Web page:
To hack or not to hack? That is the question...

3rd January 2018
Posted By : Anna Flockett
To hack or not to hack? That is the question...

Why attend a Hackathon? These events must be only for young hackers or geeks. Dimitrios Spiliopoulos is a 30 year old businessman, who works in the area of Internet of Things, so assumed he must be irrelevant for this kind of competition. ‘Why waste my well-deserved weekend?’ Were his original thoughts, but he made the decision to try it at least once, and found he was wrong like a lot of people who may have thought the same. In this blog Spiliopoulos explains more about Hackathon’s and how they can be for everyone.

So, what is a Hackathon? Based on Wikipedia: “A hackathon (also known as a hack day, hackfest or codefest) is a design sprint-like event in which computer programmers and others involved in software development, including graphic designers, interface designers, project managers, and others, often including subject-matter-experts, collaborate intensively on software projects.’’ Reading this description, you feel that indeed it is only for technical experts (like hackers, as business people say).

But the reality is that nowadays Hackathons are sprint-like events, usually for a full weekend, full of energy in which business and technical people meet together to build teams with complementary skills and develop in less than 48 hours feasible solutions (Minimum Viable Products - MVP) for specific industries (depending on the theme of the hackathon).

People from different backgrounds, bankers, marketers, consultants, developers, data scientists, UX, entrepreneurs, and different age groups, from young kids to retired professionals, meet in a common place and try to think of business ideas and in a limited time to deliver them properly in front of a judging panel. Despite the different age, skills and backgrounds, the motivation of the participants is usually the same: to learn new concepts and meet interesting people while they have fun.

In general, Spiliopoulos said he would suggest to anyone to participate until the end in a hackathon at least once and challenge himself/herself to take the most out of it from this experience.

Some good reasons to spend a full weekend for this activity:

Especially for the business people, it is worthy because you can:

  •  Learn how to collaborate and communicate with people with technical background who usually have different way of communication, but also they use a vocabulary that you do not know well (coding terms and challenges).
  •  Learn about new technologies, their limitations and capabilities, how to collect and use the data.
  • Appreciate your business knowledge and experience while working with geeks. Your support for market analysis, problem validation, business model and go to market strategy is critical for the success of the team.
  • Meet potential partners who can help you develop your business idea in the real world and make it ready for the market. We all know how critical is to have in the founding team developers or engineers who can create the first MVP.
  • Get inspired from the tech guys who can learn new skills and implement them in just a couple of hours. Of course, inspiration can be found from any other participant. For example, Spiliopoulos said he was really inspired from the father who came to code together with his two young sons in order to motivate them about coding and have fun with his kids, and other people with similar interests.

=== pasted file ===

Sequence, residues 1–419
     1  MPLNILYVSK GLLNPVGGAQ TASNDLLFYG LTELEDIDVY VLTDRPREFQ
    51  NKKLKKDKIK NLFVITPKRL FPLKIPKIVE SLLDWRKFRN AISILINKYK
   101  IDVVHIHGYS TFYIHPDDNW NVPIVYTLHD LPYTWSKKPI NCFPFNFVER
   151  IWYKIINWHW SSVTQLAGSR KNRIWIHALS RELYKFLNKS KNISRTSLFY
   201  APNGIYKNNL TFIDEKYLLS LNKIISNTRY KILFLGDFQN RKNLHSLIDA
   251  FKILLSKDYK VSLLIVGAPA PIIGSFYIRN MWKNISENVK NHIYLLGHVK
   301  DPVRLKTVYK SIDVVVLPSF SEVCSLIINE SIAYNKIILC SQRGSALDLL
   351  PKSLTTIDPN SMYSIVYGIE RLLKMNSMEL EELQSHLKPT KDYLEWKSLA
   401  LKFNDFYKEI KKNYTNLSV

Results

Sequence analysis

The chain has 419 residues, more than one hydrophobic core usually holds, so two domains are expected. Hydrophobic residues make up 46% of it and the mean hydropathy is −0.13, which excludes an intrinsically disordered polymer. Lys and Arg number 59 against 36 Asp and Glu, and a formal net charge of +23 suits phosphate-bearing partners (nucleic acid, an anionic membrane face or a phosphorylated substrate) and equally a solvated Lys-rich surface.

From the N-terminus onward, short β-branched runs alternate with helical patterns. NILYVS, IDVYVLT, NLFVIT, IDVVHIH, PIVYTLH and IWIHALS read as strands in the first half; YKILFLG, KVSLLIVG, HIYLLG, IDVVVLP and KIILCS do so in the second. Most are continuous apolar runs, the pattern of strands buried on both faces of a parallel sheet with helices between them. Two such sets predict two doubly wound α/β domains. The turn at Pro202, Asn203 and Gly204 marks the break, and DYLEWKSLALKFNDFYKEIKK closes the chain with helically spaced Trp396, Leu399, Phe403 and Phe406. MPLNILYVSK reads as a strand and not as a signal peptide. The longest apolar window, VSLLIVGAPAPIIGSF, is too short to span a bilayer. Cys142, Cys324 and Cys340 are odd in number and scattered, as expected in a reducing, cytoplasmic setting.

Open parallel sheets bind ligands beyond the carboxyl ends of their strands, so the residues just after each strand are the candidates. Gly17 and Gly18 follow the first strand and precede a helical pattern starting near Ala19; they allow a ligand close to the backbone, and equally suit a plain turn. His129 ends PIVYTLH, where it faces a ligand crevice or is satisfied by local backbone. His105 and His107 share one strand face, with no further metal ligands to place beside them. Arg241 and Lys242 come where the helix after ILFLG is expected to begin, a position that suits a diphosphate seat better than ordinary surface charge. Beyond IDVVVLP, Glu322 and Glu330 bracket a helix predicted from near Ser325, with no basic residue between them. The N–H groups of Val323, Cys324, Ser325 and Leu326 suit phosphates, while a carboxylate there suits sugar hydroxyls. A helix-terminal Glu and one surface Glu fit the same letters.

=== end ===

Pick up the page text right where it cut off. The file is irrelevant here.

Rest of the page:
For the technical people, on the other hand, it is worthy to attend a hackathon not only because you can have fun by coding and learn new coding languages and skills, but also because you can:

  • Understand that the technology used is not the most important thing in a business idea and especially when you communicate it in your pitch. Identifying a real and big problem and developing a simple and compelling solution is the key.
  • Learn to communicate with other colleagues who do not understand the terminology that you use, the challenges you face and, in general, they have no idea about coding or data.
  • Learn quickly about the key steps that startups need to pass when they develop the product/service and pitch to investors.
  • Learn about market analysis, marketing, go to market strategies and the importance of knowing in advance how you are going to make money from your idea.

Needless to say, having fun (even under pressure), meeting new people who challenge themselves and networking with potential employers, colleagues or new friends are also enough reasons to participate.

And who knows, together with your team you may have a good business idea that you are willing to take out in the market (even if you didn’t win the hackathon) and this may change your life.

Spiliopoulos said: “I participated in two hackathons (AI Angel Hack– GovTech Alliance and StartupWeekend for Smart Cities and Home) and thanks to the great team members and good mentors both times we won the first prize. Not sure yet though, if we will continue with the ideas as side projects and become entrepreneurs, but I can confirm that I learnt many new things that help me in my every day job and I met people who inspired me in several ways.”

Spiliopoulos’ tips for success:

  1. Find and focus on a big and real-world problem relevant to the theme of the hackathon (take feedback from others and do your own research).
  2. The solution needs to be simple and easy to be understood even from your grandparents.
  3. At the pitch do not spend much time and slides on the technology that you used, but of course be sure that it is feasible to implement the idea.
  4. Clear business model and realistic go to market strategy (the judges usually are experienced senior professionals).

Piece written originally by Dimitrios Spiliopoulos here.


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